The new Live Photos feature on iPhone 6s and iPhone 6s Plus is terrific, but there are concerns about how much storage space those moving images will require. Apple said during its keynote that they weren’t much larger than regular still images, but it seems that’s not quite true.
“A still photo captures an instant frozen in time. With Live Photos, you can turn those instants into unforgettable living memories,” Apple describes. “At the heart of a Live Photo is a beautiful 12‑megapixel photo. But together with that photo are the moments just before and after it was taken, captured with movement and sound.”
Although Live Photos can only be captured on an iPhone 6s or iPhone 6s Plus, the images can be viewed on older iPhones, as well as Macs and the Apple Watch. Apple is also opening up its API so that developers can add Live Photos support to third-party apps, and Facebook will be one of the first to support them later this year.
If you only have a 16GB device, however, you won’t want to store too many of them.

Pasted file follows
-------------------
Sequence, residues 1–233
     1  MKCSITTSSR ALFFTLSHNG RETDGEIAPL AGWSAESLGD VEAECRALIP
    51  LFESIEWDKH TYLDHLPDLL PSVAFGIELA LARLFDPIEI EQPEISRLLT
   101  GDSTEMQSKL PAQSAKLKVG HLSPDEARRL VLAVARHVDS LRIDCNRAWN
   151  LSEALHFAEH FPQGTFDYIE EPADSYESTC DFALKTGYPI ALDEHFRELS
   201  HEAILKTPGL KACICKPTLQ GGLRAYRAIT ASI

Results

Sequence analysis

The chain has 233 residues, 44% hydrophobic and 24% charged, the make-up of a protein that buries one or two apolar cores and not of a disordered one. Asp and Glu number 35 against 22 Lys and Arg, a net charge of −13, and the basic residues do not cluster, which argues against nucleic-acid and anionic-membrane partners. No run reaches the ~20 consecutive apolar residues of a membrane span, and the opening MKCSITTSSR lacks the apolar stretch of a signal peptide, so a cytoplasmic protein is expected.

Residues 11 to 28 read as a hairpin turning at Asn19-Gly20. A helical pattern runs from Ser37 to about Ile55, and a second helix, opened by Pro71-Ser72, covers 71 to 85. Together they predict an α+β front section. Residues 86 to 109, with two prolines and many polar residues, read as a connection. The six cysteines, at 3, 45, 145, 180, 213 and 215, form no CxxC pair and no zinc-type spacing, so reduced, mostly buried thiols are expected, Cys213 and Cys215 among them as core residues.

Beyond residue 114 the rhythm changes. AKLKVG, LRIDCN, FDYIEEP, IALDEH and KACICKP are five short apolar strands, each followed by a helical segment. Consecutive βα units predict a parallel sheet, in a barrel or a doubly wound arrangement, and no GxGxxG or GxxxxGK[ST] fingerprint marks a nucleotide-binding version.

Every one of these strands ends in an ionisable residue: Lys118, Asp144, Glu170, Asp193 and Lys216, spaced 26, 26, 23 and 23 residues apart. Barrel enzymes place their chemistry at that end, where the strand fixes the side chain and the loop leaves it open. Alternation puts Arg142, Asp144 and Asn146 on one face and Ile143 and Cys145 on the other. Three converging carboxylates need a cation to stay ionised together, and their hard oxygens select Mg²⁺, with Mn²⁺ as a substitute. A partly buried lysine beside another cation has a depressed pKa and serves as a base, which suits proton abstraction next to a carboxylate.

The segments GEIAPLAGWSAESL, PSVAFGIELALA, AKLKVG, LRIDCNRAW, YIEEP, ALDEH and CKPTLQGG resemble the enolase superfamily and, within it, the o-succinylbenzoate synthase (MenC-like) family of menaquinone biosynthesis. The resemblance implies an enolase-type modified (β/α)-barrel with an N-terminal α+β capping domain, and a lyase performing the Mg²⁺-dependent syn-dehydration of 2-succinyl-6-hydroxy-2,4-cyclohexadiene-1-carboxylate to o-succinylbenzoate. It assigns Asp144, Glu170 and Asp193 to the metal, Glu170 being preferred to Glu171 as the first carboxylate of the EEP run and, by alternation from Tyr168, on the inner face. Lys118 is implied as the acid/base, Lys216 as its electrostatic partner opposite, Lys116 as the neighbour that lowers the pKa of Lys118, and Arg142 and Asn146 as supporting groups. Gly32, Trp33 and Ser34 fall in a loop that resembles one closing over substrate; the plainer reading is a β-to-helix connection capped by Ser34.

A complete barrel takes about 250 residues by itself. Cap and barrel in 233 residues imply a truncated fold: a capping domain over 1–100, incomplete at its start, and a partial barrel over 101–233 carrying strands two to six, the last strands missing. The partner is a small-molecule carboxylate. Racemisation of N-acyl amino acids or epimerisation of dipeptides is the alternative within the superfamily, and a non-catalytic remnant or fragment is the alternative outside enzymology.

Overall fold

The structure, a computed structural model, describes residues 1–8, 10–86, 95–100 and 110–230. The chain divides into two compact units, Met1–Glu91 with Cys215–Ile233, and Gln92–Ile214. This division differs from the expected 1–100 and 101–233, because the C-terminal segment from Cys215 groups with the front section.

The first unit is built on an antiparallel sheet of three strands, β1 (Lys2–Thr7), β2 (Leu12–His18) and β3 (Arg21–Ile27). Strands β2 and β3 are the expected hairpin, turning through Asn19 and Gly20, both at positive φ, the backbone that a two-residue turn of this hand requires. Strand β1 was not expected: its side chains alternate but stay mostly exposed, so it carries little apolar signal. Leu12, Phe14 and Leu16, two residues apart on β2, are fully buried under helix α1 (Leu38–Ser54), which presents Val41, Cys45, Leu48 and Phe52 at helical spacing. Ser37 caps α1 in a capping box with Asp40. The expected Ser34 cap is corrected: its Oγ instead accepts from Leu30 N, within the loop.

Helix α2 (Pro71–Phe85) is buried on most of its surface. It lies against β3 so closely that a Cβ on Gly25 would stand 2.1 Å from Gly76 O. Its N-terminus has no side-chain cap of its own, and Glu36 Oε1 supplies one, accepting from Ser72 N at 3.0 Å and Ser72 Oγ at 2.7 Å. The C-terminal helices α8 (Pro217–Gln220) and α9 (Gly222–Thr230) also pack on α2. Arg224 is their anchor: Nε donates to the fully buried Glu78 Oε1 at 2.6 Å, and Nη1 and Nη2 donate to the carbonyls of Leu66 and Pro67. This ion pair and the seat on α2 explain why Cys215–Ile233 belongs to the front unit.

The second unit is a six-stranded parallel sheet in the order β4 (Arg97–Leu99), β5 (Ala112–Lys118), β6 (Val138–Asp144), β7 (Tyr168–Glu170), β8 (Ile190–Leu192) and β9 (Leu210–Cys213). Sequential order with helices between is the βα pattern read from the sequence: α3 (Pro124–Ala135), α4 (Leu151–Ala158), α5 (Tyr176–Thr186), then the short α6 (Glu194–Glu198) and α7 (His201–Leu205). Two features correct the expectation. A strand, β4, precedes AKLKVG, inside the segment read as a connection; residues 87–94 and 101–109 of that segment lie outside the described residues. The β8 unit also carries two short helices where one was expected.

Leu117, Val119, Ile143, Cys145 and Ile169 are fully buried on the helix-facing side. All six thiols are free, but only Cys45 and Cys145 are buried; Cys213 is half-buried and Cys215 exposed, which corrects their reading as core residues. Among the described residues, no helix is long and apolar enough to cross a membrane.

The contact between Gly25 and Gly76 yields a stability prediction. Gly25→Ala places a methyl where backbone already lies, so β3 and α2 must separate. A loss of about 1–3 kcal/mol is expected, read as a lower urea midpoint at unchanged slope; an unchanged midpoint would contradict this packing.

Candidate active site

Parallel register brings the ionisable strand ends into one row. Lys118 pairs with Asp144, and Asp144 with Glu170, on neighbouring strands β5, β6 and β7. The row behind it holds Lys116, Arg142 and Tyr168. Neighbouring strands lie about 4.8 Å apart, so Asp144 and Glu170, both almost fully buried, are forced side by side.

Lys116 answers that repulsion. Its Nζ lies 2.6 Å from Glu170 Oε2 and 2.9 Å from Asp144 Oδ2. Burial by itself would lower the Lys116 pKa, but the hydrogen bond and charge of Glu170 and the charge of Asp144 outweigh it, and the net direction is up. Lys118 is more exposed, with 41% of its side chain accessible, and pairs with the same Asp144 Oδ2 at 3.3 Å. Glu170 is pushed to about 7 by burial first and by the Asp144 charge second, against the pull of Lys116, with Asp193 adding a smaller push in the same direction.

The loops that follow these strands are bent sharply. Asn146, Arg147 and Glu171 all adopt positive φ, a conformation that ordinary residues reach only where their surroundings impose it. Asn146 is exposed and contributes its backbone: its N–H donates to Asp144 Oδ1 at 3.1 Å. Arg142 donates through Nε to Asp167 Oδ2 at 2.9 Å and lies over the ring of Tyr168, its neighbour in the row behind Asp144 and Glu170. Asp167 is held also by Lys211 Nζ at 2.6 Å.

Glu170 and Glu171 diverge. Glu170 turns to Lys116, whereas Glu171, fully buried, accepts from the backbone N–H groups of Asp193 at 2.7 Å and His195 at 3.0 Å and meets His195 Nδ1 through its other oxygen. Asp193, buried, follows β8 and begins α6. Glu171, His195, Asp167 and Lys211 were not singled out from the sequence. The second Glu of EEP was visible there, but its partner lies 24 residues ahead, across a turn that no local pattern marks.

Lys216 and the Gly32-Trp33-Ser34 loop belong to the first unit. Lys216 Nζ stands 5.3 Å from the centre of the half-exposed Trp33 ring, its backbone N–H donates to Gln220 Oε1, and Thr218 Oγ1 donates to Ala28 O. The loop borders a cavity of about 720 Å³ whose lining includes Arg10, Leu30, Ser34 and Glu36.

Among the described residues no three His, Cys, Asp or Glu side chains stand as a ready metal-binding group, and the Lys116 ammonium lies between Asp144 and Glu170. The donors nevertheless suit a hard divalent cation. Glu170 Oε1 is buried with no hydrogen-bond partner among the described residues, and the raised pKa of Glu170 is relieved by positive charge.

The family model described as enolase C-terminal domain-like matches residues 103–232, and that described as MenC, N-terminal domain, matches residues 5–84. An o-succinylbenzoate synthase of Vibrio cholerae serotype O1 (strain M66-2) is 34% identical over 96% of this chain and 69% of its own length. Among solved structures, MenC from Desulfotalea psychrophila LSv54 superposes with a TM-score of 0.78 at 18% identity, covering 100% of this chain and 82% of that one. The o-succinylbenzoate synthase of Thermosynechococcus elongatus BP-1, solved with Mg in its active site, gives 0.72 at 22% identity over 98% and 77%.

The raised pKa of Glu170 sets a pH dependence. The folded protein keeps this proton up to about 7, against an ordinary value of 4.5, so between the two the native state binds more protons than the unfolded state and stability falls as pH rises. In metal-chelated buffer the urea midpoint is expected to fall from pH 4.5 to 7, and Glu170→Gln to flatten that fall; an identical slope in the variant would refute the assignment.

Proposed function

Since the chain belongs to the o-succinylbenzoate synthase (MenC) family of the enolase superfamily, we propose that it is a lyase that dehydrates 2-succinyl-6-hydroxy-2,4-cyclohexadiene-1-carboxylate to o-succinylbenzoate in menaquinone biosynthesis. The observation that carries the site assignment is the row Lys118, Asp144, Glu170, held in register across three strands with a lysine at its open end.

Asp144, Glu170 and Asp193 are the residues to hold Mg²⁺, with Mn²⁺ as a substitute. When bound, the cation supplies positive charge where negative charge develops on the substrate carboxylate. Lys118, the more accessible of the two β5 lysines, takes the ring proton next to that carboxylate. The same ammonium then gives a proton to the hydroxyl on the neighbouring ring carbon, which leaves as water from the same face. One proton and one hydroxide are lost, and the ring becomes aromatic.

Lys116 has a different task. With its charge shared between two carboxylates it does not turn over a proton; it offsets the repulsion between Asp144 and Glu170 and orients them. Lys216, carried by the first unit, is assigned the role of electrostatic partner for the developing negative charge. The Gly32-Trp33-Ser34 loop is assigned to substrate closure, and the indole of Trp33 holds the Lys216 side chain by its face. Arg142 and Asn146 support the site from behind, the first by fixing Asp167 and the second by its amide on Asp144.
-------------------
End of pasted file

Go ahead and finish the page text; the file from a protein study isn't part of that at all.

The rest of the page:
According to TechCrunch, Live Photos will take up around twice as much space as a regular, still 12-megapixel photo, which typically weighs in at about 2.5MB. That’s means ten still images would take up around 25MB, while ten Live Photos will take up around 50MB.
Couple that with the 4K video that the iPhone 6s and 6s Plus are capable of shooting, which takes up an incredible amount of storage by itself, and all of a sudden a 16GB iPhone seems like an even worse option than it was before.
TechCrunch’s Matthew Panzarino, who put together a video explaining Live Photos, also shared some details on how they are captured. He explains that while current iPhones begin taking images as soon as the Camera app is launched, they only save those that are taken as the shutter button is pressed. The new models also save the surrounding images and puts them all together.
Live Photos are enabled by default on the new iPhones, but users can disable the feature when they want to capture still images only. Just like stills, however, Live Photos are saved in the JPEG format, so they can be shared just as easily, and viewed on any device. However, devices that don’t support Live Photos will only be able to view them as still images.[via MacRumors]